All in all, the events of this week serve as a creative high point for me, as nothing could’ve gone wrong for me, at all, especially when Halloween rolled around; at that point, I must have felt unstoppable with the quality of work I produced. Needless to say, no advice was necessary, as I have complete and total satisfaction in the projects presented before you. Keeping all of this in mind, I request your presence in seven days’ time, as the road to the grand finale is about to begin.
Tomorrow starts our tenth week of DS106, but before we make the transfer into double-digits, let it be known that this week, I used four different Daily Create assignments to tell the tale of how there’s no such thing as “the one true king;” tried to see what went wrong with two of our mid-term podcasts; somehow celebrated a day that only came because Marty changed history the first time; did my best Willy Loman impression to sell Audacity to the masses; and hopefully earned my redemption from my earlier tribute to Magic Kaito with a much more subtle salute. Also, this happened.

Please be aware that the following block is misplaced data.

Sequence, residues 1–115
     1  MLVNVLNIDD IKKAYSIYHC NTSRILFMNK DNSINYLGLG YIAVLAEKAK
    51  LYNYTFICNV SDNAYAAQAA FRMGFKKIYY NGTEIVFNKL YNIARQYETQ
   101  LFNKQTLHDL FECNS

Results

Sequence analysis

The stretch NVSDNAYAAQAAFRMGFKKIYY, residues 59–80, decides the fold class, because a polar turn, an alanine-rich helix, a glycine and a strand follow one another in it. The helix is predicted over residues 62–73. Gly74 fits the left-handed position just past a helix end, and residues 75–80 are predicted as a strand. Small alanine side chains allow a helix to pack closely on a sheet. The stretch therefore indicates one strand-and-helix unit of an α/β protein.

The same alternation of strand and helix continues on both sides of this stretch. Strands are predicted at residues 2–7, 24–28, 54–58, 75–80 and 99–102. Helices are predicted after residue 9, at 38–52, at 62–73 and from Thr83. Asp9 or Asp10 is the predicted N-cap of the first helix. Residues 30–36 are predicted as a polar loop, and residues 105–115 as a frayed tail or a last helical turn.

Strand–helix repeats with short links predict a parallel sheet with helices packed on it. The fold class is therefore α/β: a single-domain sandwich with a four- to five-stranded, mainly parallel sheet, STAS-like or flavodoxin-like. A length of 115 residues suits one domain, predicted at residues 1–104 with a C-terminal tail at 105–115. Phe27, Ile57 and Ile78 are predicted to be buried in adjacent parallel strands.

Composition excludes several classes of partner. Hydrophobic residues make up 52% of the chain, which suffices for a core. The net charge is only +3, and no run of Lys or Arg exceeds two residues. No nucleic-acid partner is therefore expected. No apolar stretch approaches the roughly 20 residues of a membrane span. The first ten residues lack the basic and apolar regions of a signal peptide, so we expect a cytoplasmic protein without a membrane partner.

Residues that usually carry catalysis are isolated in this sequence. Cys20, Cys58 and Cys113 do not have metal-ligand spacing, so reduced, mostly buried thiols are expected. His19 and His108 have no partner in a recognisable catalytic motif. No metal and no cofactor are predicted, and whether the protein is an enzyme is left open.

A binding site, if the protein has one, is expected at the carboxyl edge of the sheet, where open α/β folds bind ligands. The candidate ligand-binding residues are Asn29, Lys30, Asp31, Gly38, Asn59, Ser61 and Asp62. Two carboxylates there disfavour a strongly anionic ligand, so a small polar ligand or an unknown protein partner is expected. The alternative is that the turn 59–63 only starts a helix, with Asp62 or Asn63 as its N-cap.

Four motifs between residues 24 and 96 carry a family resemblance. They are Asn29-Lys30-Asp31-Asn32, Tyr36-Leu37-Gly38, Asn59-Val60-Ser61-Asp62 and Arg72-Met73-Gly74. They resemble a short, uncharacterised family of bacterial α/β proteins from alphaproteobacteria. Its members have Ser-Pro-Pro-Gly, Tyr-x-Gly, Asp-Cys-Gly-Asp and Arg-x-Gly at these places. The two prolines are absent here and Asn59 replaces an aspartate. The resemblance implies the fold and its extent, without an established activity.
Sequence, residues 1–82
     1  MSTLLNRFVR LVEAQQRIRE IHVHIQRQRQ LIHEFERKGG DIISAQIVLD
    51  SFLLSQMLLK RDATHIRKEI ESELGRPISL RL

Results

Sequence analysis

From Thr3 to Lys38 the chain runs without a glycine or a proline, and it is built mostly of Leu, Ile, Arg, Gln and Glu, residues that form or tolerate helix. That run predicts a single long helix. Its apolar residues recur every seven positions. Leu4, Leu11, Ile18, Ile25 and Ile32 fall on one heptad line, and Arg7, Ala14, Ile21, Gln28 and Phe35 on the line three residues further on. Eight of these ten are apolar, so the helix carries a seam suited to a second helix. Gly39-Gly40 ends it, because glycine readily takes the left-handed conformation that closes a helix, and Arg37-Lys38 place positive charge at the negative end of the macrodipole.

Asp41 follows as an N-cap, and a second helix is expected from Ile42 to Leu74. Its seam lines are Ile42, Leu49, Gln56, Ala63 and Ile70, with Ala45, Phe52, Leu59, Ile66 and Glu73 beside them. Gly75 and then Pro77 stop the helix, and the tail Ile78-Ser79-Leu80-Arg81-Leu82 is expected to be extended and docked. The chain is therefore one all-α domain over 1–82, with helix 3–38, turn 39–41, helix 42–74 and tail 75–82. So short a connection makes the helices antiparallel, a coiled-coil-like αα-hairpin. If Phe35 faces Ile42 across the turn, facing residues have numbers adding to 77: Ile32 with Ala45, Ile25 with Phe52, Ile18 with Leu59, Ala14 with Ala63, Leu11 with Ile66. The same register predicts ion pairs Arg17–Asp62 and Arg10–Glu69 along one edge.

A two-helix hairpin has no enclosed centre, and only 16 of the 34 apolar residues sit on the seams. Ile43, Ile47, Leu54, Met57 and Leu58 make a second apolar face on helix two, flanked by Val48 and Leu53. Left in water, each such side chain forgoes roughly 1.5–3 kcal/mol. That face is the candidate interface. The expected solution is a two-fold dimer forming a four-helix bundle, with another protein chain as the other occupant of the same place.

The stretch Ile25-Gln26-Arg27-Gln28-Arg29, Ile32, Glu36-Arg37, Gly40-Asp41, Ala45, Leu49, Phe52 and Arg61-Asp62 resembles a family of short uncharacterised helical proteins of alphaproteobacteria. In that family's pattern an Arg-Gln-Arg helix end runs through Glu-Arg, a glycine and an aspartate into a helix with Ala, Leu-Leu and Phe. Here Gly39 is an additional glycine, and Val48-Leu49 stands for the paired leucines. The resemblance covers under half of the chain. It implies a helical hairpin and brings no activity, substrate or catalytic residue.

As I brought up before, my favorite assignment this week was the BuzzFeed quiz, as it was as tough as my rewrite of a headline news story, with much more satisfying results. It was interesting to see how much effort it actually takes, just to manipulate data. The result was one of my stronger efforts this semester; it’s quite the highlight, if I do say so, myself.
The most important lesson I learned is a common one in all forms of storytelling, both real and fictional: Never judge a book by its cover. I’m not going to lie, when I first wrote my critiques for Wacky History, it felt like Statler and Waldorf had taken control of the keyboard. There was nothing but insults flying across the screen, directed at everyone. Then, I listened to the second half of the proceedings, and saw what I really missed out on. Needless to say, I was rightfully embarrassed at what I had said about my one-time teammates, and rewrote my critiques in a way they will enjoy, or so I hope.